Shop our Big Takeover store for back issues, t-shirts & CDs
Follow The Big Takeover
Although I’ve been a fan of ALEX CHILTON for a long time now, before this show I’d only seen him play live once. That was with BIG STAR several years ago, at Little Steven’s Underground Garage Festival on Randall’s Island in New York City. Before Big Star’s commercially unsuccessful but massively influential run in the early-to-mid ‘70s, Chilton sang for a group of Memphis teens called THE BOX TOPS.
Most of their material was written by legendary producer DAN PENN, and they scored big with their first single “The Letter,” which hit #1 on the charts in 1967, when Chilton was just 16 years of age. Other hits followed, but by 1969 Chilton grew bored of the control that Penn had over the band and left to stake out his own territory. Improbably, The Box Tops got back together in 1996, and now play about a dozen shows a year on the oldies circuit. In 1997 they even recorded a fourth album, their first since their original breakup in 1969, called Tear Off!
Opening with their hit “Cry Like a Baby,” they played an impressive hour-and-fifteen-minute set comprised of songs from both their ‘60s heyday and Tear Off! Since I was unfamiliar with the material from Tear Off! before this show, it was a pleasant surprise to hear such favorite blues and R&B songs of mine like “Wang Dang Doodle” (originally by HOWLIN’ WOLF) and “Soothe Me” (a SAM COOKE song) rearranged in The Box Tops’ Memphis style.
They mixed up the material well; alongside the requisite hits like “Neon Rainbow,” the aforementioned “Cry Like a Baby” and “The Letter” (inevitably the closing number), they included unexpected surprises, like their version of Memphis standard “Green Onions,” originally by Stax house band BOOKER T AND THE MG’S. On this track, the members switched instruments, with Chilton playing ferocious bass and bassist BILL CUNNINGHAM switching over to organ, played the rest of the night by a guest.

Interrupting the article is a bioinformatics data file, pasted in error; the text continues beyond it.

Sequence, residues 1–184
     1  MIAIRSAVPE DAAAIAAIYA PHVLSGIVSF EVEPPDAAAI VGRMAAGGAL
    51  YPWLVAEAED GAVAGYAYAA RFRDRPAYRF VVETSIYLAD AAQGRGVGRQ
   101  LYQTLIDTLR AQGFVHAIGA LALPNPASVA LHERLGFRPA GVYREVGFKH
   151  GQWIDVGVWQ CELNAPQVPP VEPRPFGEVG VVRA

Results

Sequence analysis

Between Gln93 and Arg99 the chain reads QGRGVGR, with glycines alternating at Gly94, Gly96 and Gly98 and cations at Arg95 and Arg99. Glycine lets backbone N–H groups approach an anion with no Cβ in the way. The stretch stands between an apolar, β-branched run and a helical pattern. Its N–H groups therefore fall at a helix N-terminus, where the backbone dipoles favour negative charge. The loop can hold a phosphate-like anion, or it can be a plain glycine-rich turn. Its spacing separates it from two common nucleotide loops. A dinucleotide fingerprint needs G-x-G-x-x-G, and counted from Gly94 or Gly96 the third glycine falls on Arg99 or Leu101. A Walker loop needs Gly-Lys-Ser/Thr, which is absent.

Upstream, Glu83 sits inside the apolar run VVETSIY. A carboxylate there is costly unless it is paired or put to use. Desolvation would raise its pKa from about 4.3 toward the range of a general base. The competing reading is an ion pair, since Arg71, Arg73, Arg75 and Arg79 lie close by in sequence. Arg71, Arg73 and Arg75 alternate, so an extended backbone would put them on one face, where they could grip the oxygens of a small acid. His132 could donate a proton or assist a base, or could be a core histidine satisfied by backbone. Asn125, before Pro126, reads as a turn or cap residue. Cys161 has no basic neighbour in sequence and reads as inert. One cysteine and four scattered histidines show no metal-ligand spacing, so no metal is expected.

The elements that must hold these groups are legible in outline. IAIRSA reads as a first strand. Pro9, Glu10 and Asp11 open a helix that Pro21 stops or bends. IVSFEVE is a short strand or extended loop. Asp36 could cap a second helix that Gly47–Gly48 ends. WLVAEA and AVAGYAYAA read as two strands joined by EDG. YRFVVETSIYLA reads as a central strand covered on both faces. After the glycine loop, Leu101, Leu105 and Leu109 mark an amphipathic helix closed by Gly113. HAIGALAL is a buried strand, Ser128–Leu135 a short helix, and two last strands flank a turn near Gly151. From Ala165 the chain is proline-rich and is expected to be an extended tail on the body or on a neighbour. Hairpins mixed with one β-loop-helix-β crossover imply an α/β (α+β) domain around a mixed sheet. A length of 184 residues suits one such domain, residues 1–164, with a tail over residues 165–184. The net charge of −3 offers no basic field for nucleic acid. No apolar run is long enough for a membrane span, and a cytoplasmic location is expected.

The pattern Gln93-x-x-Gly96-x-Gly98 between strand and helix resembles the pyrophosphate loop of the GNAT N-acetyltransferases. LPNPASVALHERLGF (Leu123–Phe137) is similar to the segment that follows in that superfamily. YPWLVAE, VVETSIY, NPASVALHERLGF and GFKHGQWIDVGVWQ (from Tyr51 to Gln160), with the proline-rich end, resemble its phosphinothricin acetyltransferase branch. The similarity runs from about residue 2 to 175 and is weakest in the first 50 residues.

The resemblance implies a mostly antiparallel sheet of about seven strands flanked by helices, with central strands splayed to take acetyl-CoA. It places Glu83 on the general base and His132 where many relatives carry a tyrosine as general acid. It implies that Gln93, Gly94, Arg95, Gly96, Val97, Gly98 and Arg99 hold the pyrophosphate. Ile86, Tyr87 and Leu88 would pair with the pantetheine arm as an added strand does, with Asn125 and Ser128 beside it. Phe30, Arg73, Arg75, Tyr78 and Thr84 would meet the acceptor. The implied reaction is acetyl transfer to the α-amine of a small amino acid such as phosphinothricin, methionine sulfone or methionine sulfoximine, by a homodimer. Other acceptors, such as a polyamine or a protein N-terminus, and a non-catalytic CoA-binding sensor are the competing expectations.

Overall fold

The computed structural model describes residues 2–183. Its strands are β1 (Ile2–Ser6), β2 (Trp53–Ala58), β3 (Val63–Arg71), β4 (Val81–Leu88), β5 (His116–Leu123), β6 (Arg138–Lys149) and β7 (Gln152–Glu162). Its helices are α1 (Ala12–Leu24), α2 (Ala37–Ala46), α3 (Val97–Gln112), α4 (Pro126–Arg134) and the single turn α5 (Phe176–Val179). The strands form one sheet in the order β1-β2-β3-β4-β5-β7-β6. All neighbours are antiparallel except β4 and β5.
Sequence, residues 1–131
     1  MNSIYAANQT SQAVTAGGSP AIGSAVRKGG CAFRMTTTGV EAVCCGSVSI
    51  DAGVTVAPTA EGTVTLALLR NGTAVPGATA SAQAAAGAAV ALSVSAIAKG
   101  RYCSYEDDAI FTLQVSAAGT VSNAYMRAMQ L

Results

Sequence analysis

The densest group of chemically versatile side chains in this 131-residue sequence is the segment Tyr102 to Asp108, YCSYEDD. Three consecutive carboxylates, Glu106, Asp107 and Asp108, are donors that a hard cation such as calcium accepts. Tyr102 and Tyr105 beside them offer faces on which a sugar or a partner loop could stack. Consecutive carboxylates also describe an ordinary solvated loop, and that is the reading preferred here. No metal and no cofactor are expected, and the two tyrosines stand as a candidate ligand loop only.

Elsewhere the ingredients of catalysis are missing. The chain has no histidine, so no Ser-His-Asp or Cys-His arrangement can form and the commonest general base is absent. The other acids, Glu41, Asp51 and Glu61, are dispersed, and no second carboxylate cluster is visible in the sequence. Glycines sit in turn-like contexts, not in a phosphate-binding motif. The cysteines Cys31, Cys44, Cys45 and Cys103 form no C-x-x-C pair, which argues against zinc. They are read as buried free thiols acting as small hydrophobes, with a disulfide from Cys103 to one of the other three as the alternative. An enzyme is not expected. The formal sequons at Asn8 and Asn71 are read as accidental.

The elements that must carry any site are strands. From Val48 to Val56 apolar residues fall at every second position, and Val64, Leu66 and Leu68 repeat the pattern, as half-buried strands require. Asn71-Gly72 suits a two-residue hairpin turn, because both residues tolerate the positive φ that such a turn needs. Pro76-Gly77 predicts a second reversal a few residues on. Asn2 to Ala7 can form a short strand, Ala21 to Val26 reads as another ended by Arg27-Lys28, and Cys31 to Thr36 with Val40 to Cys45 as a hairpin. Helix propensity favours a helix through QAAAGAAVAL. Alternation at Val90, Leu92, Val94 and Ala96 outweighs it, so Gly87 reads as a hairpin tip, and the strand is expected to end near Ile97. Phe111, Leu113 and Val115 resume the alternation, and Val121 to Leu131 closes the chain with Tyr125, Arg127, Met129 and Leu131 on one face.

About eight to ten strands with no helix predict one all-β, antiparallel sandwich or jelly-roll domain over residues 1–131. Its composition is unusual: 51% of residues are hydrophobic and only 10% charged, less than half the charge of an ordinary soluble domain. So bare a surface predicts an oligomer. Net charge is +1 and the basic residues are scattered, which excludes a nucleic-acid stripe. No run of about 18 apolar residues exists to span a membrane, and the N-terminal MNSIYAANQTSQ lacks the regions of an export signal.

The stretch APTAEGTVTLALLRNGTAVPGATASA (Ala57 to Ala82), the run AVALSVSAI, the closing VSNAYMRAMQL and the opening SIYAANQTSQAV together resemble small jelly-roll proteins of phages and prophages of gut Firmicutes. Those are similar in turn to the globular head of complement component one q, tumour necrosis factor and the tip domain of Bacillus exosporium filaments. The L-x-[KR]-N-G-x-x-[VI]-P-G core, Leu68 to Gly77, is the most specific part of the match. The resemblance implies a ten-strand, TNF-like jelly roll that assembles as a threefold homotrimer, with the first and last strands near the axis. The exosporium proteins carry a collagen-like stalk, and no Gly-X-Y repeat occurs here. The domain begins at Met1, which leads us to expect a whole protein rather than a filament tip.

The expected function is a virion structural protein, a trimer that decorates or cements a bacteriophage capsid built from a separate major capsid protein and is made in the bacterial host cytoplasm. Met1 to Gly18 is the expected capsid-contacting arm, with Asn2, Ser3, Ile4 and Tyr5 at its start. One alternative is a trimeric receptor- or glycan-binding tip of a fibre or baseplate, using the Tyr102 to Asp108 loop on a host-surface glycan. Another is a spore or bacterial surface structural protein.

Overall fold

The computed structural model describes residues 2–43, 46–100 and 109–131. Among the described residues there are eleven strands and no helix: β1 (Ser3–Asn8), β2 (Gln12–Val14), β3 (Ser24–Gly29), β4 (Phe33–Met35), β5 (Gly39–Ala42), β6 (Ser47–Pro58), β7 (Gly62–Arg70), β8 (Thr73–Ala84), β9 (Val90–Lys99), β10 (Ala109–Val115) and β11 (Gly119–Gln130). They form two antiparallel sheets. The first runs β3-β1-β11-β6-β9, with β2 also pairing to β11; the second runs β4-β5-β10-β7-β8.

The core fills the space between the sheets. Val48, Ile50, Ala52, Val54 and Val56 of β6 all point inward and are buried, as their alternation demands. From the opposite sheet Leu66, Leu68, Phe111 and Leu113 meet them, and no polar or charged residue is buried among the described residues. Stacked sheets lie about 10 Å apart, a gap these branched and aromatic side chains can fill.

Overall, original members Chilton, Cunningham, guitarist GARY TALLEY and drummer DANNY SMYTHE played the songs with lightning quick precision and accuracy, and most of all enthusiasm! And contrary to when I saw Chilton play with Big Star, he not only looked comfortable on-stage, but he had a blast playing this material. Consequently, his vocals were in excellent form and he was in good spirits as well (not a guarantee, given Chilton’s tumultuous history). Overall, it was well worth the two-hour plus drive from Philadelphia just for their set.
Openers THE SHADOWS OF KNIGHT, despite retaining only original singer JIMY SOHMS and veteran bassist LEE BROVITZ (who owns the trademark), was a thoroughly enjoyable, if also cheesy, opening set. They focused primarily on their well-known ‘60s hits, like “Gloria” and the million-selling “Shake,” but also played a few tracks from their new album, their first in 33 years. The old hits were played well by the new members and the newer songs reminded me of the kind of proto-power-pop/hard-rock hybrid that late ‘70s bands like fellow Illinois residents CHEAP TRICK would follow.
The cheesiness came by the way of Sohms’s stage persona, enticing the crowd to sing along and dance at every opportunity, going out into the row I was sitting in and serenading a woman and cracking dirty jokes. This, coupled with their anachronistic looks (think mullets and the like), may make them seem less than credible in some circles, but ultimately these types of shows are about pure entertainment and as such this new incarnation of The Shadows of Knight succeeded.
comments powered by Disqus